you’ll enjoy doing business together. It really does happen
y to you,
and start playing hardball. It’s therefore important that you
all the time. But you have to be prepared for them to fuck
r him to
always have a goal and a plan in mind no matter what you’re
you if it’s in their best interest Acting in self interest is one
doing. Become familiar with all the bullshit details that
of the most reliable of all business characteristics, so cross
you think don’t matter because knowledge is power when
all your T’s and dot all your lower-case J’s. When they stop
it comes to negotiation and litigation. Think several steps
putting that cottage cheese helmet in your dressing room
ahead. Know what the response to your action is going to be
because you trashed your last hotel room, you’re going to
before it happens. And always assume the worst.
want to make sure you have ever ything in order to tell them to fuck off because you have the legal language on your side. Just think back to all the musicians who were getting cars and advances from their record companies but ultimately end up with no rights to their music and die penniless. Have a plan and don’t be that band.
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The art on this page was created by Casey Koerner: www.caseykoerner.com/
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ng of Ju-
f God to
BY: BRANDILEIGHA STRACNER
proverbs by the
ver, and for the
IS WHAT YOU ARE CURRENTLY DOING MAKING YOU HAPPY? IF YES … DON’T FORGET THESE TIMES! Not making it. All to often I see that look on your faces. That tired, discouraged look. You’ve been at it for a long time … playing shows, promoting, getting your album just right. You know you have something special and that your music has potential to really go places given the right opportunity. I’m sure it does. I’ve heard lots of music from local bands big and small. They are all kinds of awesome, in a dozen different ways. I recog-
lf in the
d do not
r him to
nize that your music is important and you have something unique to say. However, the truth is, like anyone else who works in radio or artist management, I have a stack of 50 EP’s by my stereo that have never even been opened and Myspace friend requests from 5 or more bands a day … There are just too many and bands and not enough room for ever yone at the top.
If your smart, you’ll prepare yourself well for the possibility
that your band might not make it to the big time. Do yourself
a favor: live in the moment. Play because you love it, make
e end if
music and enjoy doing it. Say something important and be
sincerely thrilled when you hear it impacted one person.
Maybe 2 out of a hundred bands will get the fame they de-
sire … You can’t do much to control that. Again my advice to
you, love the ride.
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, copied It is the
ROAD TRIP? WHAT I’D PACK. LINDSAY GARFIELD: OR, THE WHALE
I BRING MY PHONE/IPOD, HEADPHONES, A WALL CHARGER, A CAR CHARGER, A BOOK OR TWO, A PAD OF PAPER, PENS FOR SONG WRITING, JOURNAL-WRITING … I bring two bags: one for the trailer and one for the van. This
when I’m packing stage clothes is, “if I don’t love it, I don’t
can be compared to a checked bag and a carr y-on. The trailer
take it.” When I’m cranky or in an unfamiliar city where we
bag has most of my stuff in it. On a standard two-week tour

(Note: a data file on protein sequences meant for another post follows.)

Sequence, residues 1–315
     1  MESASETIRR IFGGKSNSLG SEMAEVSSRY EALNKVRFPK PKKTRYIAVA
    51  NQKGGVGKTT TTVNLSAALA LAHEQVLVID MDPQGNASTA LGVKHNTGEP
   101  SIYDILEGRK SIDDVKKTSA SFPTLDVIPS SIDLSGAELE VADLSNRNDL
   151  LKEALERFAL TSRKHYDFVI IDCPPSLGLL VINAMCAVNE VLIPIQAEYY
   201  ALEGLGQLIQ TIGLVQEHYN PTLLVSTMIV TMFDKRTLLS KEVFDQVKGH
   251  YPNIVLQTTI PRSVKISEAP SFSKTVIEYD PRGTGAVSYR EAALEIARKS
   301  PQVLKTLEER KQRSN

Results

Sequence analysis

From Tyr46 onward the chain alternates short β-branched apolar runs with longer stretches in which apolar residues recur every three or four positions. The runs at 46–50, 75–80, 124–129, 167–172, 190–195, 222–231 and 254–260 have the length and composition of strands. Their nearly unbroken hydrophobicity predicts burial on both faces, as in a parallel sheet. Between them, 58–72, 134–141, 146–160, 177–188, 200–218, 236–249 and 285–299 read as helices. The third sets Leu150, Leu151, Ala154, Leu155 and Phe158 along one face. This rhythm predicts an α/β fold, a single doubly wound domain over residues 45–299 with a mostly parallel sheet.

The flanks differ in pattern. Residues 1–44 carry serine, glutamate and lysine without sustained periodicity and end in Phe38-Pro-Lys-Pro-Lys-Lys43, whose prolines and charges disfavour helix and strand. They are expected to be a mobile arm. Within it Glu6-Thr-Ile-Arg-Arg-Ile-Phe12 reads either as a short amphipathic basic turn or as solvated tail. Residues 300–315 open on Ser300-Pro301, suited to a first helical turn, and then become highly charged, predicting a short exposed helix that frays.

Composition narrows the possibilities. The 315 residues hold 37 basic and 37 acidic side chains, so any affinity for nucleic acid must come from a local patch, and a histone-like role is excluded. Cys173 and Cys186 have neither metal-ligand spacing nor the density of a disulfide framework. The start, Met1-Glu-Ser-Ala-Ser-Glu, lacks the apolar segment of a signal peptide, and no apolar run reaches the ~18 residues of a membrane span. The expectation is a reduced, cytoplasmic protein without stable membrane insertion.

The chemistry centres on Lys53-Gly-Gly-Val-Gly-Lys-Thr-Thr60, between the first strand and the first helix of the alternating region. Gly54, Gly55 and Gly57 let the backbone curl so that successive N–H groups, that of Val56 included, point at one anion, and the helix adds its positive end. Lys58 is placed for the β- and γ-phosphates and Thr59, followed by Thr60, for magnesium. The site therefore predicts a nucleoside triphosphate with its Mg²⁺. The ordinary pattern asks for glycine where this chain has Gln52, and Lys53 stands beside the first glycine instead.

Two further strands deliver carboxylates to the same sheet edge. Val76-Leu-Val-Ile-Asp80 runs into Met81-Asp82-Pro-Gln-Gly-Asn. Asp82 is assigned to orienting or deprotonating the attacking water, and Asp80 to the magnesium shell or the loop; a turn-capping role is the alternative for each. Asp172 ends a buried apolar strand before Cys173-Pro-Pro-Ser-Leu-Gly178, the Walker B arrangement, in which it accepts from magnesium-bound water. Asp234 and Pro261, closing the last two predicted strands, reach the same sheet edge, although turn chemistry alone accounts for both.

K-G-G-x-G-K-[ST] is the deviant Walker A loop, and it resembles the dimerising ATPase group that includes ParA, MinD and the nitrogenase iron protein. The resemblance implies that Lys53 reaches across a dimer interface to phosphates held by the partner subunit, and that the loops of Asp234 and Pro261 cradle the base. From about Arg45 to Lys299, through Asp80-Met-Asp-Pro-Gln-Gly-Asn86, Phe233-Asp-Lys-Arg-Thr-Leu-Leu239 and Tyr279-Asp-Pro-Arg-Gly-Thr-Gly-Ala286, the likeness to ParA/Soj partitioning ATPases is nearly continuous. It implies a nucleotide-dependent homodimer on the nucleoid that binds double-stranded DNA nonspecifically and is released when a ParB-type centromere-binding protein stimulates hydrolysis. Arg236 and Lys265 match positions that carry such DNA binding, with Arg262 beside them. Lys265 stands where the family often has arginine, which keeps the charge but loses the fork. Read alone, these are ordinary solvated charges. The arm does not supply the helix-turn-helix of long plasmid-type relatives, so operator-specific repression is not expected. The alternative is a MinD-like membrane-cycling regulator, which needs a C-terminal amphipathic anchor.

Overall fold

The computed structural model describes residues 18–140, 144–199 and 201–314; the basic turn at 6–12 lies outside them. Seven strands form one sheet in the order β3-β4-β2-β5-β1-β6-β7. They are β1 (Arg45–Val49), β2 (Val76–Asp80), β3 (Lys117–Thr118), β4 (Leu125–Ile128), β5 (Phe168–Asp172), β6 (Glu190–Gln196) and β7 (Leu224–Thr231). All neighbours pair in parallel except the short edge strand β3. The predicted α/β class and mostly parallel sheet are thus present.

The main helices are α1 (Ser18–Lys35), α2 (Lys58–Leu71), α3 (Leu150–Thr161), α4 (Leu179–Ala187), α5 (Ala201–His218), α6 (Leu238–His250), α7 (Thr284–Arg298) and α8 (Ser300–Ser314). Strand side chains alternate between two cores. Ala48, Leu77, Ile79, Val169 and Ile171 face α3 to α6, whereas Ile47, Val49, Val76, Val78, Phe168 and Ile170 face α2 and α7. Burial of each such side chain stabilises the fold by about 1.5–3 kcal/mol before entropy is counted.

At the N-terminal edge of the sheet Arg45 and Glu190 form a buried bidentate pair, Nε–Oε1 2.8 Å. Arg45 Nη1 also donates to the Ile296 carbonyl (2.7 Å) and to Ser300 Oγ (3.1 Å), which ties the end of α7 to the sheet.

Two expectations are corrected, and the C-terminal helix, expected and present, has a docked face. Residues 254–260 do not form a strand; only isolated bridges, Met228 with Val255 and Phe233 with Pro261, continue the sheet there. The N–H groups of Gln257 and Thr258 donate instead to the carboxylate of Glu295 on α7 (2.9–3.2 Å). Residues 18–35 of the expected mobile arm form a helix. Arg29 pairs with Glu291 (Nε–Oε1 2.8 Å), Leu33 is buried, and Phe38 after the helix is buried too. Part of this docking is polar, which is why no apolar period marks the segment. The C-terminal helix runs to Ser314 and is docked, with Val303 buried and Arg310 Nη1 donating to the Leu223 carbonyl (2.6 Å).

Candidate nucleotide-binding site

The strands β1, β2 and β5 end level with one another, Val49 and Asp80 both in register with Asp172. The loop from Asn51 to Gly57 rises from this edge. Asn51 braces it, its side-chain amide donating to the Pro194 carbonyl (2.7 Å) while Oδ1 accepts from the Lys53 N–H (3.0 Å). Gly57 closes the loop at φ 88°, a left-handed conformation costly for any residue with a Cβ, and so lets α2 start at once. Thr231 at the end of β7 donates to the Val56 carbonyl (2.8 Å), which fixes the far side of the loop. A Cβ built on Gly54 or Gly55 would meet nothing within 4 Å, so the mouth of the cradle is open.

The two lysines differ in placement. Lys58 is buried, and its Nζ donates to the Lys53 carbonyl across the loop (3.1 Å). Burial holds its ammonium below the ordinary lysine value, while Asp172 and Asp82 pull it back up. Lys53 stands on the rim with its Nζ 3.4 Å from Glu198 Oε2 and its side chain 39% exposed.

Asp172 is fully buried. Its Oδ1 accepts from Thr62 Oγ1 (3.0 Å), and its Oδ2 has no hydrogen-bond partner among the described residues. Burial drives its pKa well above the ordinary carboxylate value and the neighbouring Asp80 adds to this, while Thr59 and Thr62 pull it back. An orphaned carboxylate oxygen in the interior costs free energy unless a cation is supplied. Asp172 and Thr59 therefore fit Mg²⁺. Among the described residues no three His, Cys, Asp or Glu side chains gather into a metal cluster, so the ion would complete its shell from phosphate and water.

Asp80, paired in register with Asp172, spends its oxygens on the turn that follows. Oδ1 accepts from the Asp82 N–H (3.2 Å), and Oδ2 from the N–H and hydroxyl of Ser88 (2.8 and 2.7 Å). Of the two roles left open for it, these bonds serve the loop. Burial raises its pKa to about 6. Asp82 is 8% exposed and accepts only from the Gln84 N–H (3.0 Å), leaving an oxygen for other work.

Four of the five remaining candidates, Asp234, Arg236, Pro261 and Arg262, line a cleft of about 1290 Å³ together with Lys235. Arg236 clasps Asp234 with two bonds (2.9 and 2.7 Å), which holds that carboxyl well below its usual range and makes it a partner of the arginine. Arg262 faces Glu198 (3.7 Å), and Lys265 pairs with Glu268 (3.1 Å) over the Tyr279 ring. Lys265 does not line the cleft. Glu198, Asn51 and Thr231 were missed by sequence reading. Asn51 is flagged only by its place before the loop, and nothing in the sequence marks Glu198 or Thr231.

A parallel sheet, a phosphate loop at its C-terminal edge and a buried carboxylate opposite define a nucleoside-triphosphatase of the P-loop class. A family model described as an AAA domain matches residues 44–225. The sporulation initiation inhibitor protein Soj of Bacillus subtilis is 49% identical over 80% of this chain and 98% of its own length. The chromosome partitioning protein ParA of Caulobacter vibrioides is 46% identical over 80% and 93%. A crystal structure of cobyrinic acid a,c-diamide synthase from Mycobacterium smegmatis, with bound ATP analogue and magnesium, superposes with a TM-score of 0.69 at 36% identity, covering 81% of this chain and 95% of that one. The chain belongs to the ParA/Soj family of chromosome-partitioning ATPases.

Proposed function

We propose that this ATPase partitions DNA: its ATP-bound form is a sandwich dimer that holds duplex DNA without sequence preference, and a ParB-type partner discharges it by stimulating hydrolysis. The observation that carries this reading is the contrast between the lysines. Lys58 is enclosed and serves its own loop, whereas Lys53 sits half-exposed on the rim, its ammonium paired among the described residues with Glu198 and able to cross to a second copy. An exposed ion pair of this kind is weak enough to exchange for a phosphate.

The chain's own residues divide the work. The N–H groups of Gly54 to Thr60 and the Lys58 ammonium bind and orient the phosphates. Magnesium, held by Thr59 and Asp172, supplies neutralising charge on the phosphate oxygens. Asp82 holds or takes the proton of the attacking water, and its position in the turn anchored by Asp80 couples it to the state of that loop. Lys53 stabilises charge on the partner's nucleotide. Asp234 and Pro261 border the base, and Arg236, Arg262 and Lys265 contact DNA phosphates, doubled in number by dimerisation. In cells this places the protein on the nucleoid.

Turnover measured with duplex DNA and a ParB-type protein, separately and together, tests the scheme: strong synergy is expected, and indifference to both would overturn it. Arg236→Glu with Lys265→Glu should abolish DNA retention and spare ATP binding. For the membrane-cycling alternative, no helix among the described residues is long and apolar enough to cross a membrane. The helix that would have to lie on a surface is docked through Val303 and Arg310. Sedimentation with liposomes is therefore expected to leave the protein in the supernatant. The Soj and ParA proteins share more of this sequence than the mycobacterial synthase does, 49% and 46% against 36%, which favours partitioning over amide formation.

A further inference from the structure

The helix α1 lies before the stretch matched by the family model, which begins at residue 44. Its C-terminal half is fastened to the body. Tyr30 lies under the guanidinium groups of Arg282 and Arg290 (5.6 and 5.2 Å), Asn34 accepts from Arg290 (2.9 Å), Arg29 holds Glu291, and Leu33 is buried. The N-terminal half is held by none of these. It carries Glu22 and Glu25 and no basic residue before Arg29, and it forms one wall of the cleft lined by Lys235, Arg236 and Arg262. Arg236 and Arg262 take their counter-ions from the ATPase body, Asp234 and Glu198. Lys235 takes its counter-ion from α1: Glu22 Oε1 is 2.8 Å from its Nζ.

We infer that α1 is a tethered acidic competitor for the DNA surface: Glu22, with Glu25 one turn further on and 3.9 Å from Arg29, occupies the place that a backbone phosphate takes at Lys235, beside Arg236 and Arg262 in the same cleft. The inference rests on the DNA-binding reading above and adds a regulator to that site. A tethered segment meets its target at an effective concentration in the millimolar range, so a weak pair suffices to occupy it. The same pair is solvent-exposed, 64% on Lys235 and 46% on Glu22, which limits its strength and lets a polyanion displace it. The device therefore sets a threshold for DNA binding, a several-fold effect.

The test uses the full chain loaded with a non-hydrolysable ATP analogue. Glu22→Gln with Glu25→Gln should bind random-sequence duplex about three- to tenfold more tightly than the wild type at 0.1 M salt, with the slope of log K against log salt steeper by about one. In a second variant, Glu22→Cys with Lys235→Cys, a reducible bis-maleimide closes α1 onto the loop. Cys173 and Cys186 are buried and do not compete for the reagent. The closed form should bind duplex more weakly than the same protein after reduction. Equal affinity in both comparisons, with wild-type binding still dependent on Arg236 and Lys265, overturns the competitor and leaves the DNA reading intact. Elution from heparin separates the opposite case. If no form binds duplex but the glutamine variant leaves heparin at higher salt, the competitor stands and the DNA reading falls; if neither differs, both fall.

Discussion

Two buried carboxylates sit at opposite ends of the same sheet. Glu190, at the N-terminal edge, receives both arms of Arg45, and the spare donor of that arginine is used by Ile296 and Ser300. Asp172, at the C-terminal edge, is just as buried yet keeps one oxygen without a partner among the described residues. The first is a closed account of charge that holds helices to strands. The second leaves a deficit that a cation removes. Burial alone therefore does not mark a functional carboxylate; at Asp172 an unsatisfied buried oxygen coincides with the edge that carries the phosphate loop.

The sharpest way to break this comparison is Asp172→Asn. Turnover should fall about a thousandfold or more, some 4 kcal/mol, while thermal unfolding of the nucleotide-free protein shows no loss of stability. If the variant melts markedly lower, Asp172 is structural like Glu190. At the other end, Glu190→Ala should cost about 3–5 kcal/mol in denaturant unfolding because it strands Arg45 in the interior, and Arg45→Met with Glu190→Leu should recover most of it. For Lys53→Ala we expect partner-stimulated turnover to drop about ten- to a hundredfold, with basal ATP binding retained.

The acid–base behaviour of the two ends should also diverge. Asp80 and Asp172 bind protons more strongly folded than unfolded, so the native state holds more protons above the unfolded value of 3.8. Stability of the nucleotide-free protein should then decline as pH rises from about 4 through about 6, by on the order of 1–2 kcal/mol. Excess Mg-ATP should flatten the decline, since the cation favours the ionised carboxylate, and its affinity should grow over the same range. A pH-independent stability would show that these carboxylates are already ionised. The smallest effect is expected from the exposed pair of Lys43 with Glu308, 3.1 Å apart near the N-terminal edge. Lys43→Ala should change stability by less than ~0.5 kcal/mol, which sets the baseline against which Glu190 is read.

don’t know anyone, feeling like I look good and I’m comfort-
I usually pack a small-ish suitcase. I don’t like duffel bags
able puts me in a better mood. I pack a pair of undies for ev-
or back packs, as it is really hard to find things in a pinch.
er y single day of tour. (Hey, you might not get to wash your
(i.e. You get to the venue and have one hour total to load-in,
clothes.) I also pack two pairs of shoes, on of which is a pair
sound check, set up merch, and get ready.) So in my trailer
of sneakers to go with my running gear. Also shower f lip-
bag I bring enough show clothes for 7 nights. My general rule
f lops are important for the good intentioned, but extremely
074 PLAN - STEP 1
dirty hosts. Finally, one outfit to sleep in, a bunch of t-shirts, one hoodie, a hairdr yer, a straightener and a towel. For my van bag I have a great shoulder laptop bag with a million pockets. (Pockets are good.) I bring my phone/iPod, a wall charger and a car charger, good headphones, a book or two, a pad of paper and pens for songwriting and a writing journal. I also pack a laptop computer with wireless data card to do promotion and keep in contact with bookers, sound guys, etc. while on the road. Next to my computer you’ll find my Flip Video camera for those impromptu, hilariously, and bad free-styling sessions, and for filming people taking open-mouthed naps, etc. I also bring a sleeping bag, sleeping pad (for those rough nights on f loors), a blanket and a pillow. Some of the guys bring neck pillows or small back pillows (hey we’re not 19 anymore!) My bathroom supplies include makeup, brush, gum, a metal water bottle, also its good to bring plastic bags for trash and recycling in the van, a roll of paper towels, tissues, wet-wipes and disinfectant wipes. (Maybe a bottle of Simple Green). We generally bring a plastic tub of snacks. (Sometimes do a Costco run beforehand.) We usually buy rice cracker mix, almond clusters, cheese, crackers, beef jerky, mixed nuts, fruit, granola bars, chocolate, Redbulls. We tr y to shop at grocer y stores for deli sandwiches along the way if we can help it. We almost never do fast food, but sometimes it’s hard to avoid. If you’re the only girl in the band, I recommend bringing all the girly things you could possibly need. Don’t expect to get to a drug store. You’ll probably make it to one, but likely a day or two after you run out of something. I use a pack of plastic travel bottles I got at Walgreens for shampoo, body lotion, face-wash, sunscreen, and that seems to help maximize space. If there’s at least another girl in the band, and you’re friends, I recommend coordinating with her beforehand. (i.e. One hairdr yer and one straightener is fine.) If you’re the same size, you could share clothes. I prefer not to do this because your clothes get pretty dirty by the end of tour, but I have in the past.